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Oxyntomodulin

Analyte: Oxyntomodulin

Specimen Type: Plasma with the appropriate preservatice (see Additives & Collection Inst.)

Optimum Volume: 0.5 mL

Stability:

2-8°C -20°C -70°C
4 days 21 days 22 months

Reporting units: pg/mL

Method: RIA

Biological or Clinical Significance:

The structure of oxyntomodulin was elucidated in 1981.  It is a 37 amino acid peptide that contains the 29 amino acid sequence of glucagon followed by an eight amino acid carboxyterminal extension.

Many of the functions of oxyntomodulin have been worked out in rodents.  It inhibits postprandial gastric acid secretion.  In addition, oxyntomodulin displays weak affinity for the glucagon receptor and may mimic glucagon actions in the liver and pancreas.  Thus, oxyntomodulin mimics the effects of GLP-1 and GLP-2.

Oxyntomodulin has also been shown to inhibit food intake.  The anorectic actions of oxyntomodulin are blocked by the GLP-1 receptor antagonist Exendin (9-39).

Repeated IP administration of oxyntomodulin over seven days caused a reduction in the rate of body weight gain and adiposity in rats.  Delivery of oxyntomodulin into the GI tract of overweight BALB/C mice through a bacterial plasmid delivery system was associated with reduced food intake and weight gain, despite no changes in plasma levels.

Studies of oxyntomodulin action in mice have demonstrated that although the hormone can activates both glucagon and GLP-1 receptors, its anorectic actions require only the GLP-1 receptor.  Furthermore, Exendin-4, but not oxyntomodulin, regulates energy expenditure in mice.  Hence, it appears to be a weak agonist at the GLP-1 receptor, when used in pharmacological concentrations.  Oxyntomodulin also mimics many of the actions of GLP-1 on the islet beta cell, including stimulation of glucose-dependent insulin secretion and activation of cell survival pathways leading to reduced beta cell apoptosis.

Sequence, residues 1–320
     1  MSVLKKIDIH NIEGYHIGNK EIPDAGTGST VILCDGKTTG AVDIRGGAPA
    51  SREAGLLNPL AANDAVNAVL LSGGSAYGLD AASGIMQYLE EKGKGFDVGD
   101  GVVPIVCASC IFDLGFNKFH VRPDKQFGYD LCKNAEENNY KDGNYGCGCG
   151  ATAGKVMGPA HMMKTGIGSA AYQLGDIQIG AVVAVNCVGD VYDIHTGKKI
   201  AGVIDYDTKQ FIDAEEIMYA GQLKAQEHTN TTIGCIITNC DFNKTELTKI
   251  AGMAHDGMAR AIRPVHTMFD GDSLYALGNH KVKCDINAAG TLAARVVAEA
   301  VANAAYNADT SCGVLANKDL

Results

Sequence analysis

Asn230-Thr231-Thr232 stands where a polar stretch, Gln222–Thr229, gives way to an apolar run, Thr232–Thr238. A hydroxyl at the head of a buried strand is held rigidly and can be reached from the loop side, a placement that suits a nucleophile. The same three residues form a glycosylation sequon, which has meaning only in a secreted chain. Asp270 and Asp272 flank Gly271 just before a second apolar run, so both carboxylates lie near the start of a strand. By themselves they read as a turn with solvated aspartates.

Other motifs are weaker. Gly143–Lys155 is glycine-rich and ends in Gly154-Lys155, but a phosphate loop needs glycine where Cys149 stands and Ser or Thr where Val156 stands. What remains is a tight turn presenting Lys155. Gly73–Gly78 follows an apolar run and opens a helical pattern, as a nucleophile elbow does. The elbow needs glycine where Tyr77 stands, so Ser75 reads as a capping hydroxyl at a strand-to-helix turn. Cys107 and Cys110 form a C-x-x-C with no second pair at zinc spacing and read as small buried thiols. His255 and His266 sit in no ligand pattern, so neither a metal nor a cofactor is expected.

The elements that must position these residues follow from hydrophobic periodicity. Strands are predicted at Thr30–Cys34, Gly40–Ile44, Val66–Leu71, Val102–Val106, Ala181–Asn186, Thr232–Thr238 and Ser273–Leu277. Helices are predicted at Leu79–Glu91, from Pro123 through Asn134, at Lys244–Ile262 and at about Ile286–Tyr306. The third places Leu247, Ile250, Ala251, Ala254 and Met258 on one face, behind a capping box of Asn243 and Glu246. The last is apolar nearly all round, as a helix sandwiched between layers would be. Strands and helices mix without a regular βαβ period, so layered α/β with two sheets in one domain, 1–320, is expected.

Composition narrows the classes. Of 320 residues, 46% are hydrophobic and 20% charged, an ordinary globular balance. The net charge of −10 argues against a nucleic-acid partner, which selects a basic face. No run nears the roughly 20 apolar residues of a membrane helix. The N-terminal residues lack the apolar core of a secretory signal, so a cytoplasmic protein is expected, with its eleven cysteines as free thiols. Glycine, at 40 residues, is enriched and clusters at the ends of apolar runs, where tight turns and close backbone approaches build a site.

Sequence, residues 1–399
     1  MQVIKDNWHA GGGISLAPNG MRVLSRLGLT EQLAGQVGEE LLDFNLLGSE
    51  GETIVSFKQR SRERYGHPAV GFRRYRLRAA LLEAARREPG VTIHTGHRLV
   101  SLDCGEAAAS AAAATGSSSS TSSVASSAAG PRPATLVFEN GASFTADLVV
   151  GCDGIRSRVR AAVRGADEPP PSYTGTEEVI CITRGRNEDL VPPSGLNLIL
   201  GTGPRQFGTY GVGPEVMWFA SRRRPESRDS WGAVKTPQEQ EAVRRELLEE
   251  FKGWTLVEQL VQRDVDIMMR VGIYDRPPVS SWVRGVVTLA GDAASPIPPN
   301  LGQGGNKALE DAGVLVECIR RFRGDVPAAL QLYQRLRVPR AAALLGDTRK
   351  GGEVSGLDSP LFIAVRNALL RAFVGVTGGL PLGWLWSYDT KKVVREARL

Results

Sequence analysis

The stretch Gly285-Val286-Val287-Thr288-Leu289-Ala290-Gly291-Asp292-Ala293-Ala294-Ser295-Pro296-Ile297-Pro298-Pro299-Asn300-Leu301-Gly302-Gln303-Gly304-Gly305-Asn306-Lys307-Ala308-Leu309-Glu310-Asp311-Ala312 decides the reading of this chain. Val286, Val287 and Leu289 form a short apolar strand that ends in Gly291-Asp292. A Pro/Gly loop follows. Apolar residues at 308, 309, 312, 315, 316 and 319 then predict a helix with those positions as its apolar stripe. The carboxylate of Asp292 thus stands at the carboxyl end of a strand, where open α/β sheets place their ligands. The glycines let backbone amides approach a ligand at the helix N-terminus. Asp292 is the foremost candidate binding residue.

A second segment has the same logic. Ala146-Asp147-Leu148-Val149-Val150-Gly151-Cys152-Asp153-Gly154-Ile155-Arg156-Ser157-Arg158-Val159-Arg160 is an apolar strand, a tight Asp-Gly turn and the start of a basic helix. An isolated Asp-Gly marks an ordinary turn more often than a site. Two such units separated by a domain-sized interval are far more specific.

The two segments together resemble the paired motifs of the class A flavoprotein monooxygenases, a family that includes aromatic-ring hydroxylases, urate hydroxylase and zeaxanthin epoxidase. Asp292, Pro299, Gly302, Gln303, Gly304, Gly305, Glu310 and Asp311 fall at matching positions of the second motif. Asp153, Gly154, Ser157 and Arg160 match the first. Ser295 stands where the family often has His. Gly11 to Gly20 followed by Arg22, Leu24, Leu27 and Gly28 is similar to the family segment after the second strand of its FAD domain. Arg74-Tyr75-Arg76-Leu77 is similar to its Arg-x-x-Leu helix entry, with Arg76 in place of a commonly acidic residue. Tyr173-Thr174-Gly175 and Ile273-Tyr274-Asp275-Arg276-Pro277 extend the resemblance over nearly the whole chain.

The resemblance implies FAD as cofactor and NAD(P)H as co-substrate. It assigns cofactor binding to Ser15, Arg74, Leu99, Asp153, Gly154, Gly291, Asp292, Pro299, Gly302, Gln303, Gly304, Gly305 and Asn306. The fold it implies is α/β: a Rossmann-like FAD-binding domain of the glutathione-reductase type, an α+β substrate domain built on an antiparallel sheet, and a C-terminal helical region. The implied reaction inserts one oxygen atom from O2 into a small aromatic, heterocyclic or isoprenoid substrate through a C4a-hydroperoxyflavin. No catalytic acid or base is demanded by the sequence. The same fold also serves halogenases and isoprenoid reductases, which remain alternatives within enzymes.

In humans, a 90 min oxyntomodulin infusion decreased the sensation of hunger and inhibited meal-related energy intake and decreased cumulative 12 h energy intake, but not 24 h energy intake.  Interestingly, infusion of the hormone also decreased circulating levels of ghrelin in the fasting and postprandial state.  The effects of oxyntomodulin on food intake and energy expenditure in overweight and obese subjects have been studied.  When oxyntomodulin was self-administered three times a day before each meal for 4 d, energy intake was reduced by ~17%, and body weight was reduced by 0.5 kg.

The precise mechanisms utilized by oxyntomodulin for transduction of various biological actions remain unclear.  Its importance as a biologically active peptide would be greatly strengthened by the identification of a separate oxyntomodulin receptor, or by studies employing specific oxyntomodulin antagonists or immunoneutralizing antisera that blocked actions of oxyntomodulin but not glucagon or GLP-1.

Because of the 29 amino acid sequence homology with glucagon, radioimmunoassays using antisera that are not specific for both the C-and N-terminus of oxyntomodulin will also cross-react with glucagon, and possibly glicentin.  Hence much of the earlier literature assessing circulating oxyntomodulin using non-specific assays may not be 100% accurate.

Principle of Test Method:

The Oxyntomodulin assay is a competitive radioimmunoassay.

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